Safe, Respectful Birth for All Women #EveryBirthCounts

Our Story

Ten years ago, Bangalore Birth Network (BBN) started out as most social change groups do – we saw a pressing need to empower women to have a better experience with doctors and hospitals in pregnancy, birth and postpartum and felt compelled to address it. We were influenced by our own birth experiences – some demoralizing, some joyful, some yet to be realized. We shared a hunger with women in the city for maternal healthcare that was more empowering, more humane and based on scientific evidence as opposed to fear and risk.
From the outset, we resolved that if we were to improve the birth scenario in Bangalore for ourselves, we would not be satisfied until we improved it for all women regardless of class, caste, economic status, religious background or sexual orientation.

Challenges With Birth Today

While healthcare is life-saving, birth itself is over medicalised, and unnecessary medical interventions are rampant even in healthy pregnancies. Cesarean section rates are higher than ever before and in many hospitals account for more than half of all births.

Other contentious issues include:

  • overuse of ultrasound scans
  • misuse of medicines to start and speed labor
  • pushing on the woman’s belly while she is pushing in active labor
  • separating mother and baby after birth
  • not starting breastfeeding within the first hour of life which increases neonatal mortality risk

This is a small part of a large list of practices that go on daily, without question and unknowingly causing the woman and baby fear and undue harm.

Women are led to believe that such medical interventions are a necessity, while there is no research or evidence to support this.

Women are subjected to disrespect and abuse during childbirth. Mistreatment is common in labour. Labour wards leave women with haunting memories of disrespectful care:

  • labouring alone without a family member at their side
  • physical, emotional and verbal abuse
  • non-consented care (being lied to, misled)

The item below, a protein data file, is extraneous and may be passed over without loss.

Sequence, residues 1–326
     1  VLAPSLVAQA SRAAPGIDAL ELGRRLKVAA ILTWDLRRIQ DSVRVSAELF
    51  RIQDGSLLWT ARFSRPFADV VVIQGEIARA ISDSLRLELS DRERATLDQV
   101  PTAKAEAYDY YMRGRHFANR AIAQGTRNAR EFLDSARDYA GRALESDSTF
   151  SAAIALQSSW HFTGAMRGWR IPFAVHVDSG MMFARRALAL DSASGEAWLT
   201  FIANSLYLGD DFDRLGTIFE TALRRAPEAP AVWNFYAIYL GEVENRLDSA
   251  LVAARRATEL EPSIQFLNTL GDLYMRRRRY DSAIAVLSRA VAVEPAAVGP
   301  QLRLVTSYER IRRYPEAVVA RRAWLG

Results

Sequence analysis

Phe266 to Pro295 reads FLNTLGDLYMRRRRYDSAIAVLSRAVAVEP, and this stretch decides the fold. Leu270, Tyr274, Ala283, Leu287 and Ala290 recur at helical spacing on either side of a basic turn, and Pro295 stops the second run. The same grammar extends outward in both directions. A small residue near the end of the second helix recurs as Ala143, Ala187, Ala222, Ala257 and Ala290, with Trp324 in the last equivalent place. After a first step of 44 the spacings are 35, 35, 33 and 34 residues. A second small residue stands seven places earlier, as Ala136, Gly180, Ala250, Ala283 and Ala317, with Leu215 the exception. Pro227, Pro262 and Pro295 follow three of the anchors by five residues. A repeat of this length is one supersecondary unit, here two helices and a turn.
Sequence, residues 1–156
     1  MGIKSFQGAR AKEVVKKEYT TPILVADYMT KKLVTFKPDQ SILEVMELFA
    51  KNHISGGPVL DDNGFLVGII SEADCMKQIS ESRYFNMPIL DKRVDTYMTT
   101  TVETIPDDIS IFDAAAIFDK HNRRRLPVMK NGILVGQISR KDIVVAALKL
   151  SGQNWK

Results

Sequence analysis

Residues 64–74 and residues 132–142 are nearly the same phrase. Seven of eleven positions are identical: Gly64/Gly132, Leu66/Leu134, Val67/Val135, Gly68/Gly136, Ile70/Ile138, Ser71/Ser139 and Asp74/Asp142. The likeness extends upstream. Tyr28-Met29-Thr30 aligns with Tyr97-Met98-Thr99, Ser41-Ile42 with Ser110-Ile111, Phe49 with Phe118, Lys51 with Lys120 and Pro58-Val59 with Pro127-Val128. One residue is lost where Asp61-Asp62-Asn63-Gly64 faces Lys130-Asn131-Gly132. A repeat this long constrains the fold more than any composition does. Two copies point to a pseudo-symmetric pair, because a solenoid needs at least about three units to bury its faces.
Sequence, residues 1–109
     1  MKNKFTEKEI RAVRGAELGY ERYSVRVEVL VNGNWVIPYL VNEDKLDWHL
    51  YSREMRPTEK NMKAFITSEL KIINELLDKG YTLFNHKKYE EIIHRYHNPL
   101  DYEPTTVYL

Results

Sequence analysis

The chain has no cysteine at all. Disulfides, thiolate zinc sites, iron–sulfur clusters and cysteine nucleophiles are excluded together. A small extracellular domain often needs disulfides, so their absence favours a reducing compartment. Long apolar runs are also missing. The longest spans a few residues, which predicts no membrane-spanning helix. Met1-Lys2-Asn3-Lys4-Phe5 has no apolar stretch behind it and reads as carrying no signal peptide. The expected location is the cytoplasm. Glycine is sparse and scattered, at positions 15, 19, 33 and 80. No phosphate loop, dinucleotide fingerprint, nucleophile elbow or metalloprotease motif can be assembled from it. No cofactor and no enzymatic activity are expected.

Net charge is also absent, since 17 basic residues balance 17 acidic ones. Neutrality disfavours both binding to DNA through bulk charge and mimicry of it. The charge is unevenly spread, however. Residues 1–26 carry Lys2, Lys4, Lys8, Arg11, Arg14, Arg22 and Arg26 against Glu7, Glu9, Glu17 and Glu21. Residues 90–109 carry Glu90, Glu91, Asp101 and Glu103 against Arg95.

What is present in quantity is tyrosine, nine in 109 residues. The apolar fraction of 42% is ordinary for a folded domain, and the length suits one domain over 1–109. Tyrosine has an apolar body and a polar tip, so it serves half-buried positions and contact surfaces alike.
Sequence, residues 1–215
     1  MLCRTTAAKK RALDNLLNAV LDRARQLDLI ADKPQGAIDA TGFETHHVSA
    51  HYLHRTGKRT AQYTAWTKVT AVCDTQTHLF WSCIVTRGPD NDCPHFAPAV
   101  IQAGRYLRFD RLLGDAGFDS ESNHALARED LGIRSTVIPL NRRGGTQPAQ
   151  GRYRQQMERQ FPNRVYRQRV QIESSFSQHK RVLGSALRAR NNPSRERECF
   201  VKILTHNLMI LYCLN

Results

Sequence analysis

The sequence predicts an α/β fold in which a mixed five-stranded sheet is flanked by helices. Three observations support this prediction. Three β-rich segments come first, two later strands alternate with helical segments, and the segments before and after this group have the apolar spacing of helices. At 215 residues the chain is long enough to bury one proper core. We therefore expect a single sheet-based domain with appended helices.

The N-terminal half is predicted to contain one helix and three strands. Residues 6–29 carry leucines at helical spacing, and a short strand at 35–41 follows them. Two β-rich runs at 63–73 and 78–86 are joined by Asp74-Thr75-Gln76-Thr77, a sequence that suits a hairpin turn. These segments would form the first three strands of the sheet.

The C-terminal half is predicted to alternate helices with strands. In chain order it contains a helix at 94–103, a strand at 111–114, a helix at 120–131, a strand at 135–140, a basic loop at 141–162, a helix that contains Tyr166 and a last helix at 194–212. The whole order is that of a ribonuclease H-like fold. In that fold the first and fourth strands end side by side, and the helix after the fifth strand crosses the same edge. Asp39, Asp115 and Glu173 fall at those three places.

• being told your baby will die if you don’t listen and comply
  • discrimination based on specific patient attributes
  • abandonment of care or refusal of care unless a bribe is given

Our work over the past decade, has documented that the situation is doubly bleak for women with limited resources. Birth experiences of poor, pregnant women in and around Bangalore are shocking. For women who come from the lower economic strata, there may be no skilled provider in their area or available transportation.

How Are We Changing This?

In the ten years since the BBN was established, we have played a key role in nurturing an environment where local families have access to birth professionals through

  • our service directory
  • access to feedback on doctors in the city through one-on-one counseling services online connections through social media
  • outreach events that create awareness and strengthen support networks

BBN’s Lactation Pilot Program

Breastfeeding counselling at government health centers is strongly needed. These gaps in services put already vulnerable women, babies and families at even greater risk. To address this, a certified antenatal and lactation counsellor visits the public healthcare facility, and counsels up to 30-40 women a week. This program addresses basic maternal and newborn health problems at the root, before they become life threatening. Breastfeeding significantly lowers newborn mortality.

Counselling Skills for 250+ Nursing Students

 The nurses training program is aimed at boosting the knowledge and skill quotient of the nurses with research based findings, and strong scientific evidence based knowledge. This is done by imparting short duration and high impact training to enhance counselling skills.

Maternal Health Survey

Private hospitals are not required to report their practices, procedures and outcomes, and government hospitals are poor at keeping records. In response to the lack of data on childbirth practices, we have created a comprehensive maternal health survey asking women about their obstetric, prenatal and postnatal experiences in urban India.

BBN is also working along with a group of individuals and organisations, to advocate for midwifery education and training, and create awareness among the general public as well as doctors, nurses and hospitals on how obstetric care can be transformed.

The Way Forward

We have worked hard over the years to keep a small, volunteer-based, non-profit fueled solely on passion, grit and the support of friends we made along the way. For the longest time we never had a bank account or money to put in it. In the past few years this has shifted. We are now a registered non-profit society, and two years ago we received seed funding to strengthen and grow the work and its impact. Our growth has been significant in the last year – the seed funding helped us move up our reach from a mere hundred women in 2007 to around 8000+ today.

To reach a wider audience we require further funds to target an impact of 15000 people (and more) over the next few years.

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